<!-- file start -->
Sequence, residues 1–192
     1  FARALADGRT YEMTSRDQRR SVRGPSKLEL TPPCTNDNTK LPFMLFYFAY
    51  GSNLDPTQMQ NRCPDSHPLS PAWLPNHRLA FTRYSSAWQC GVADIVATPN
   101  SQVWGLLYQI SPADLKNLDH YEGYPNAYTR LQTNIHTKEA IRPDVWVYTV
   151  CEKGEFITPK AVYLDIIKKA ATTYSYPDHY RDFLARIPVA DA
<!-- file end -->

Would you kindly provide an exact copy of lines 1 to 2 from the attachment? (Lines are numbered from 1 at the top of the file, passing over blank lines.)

Sequence, residues 1–192
     1  FARALADGRT YEMTSRDQRR SVRGPSKLEL TPPCTNDNTK LPFMLFYFAY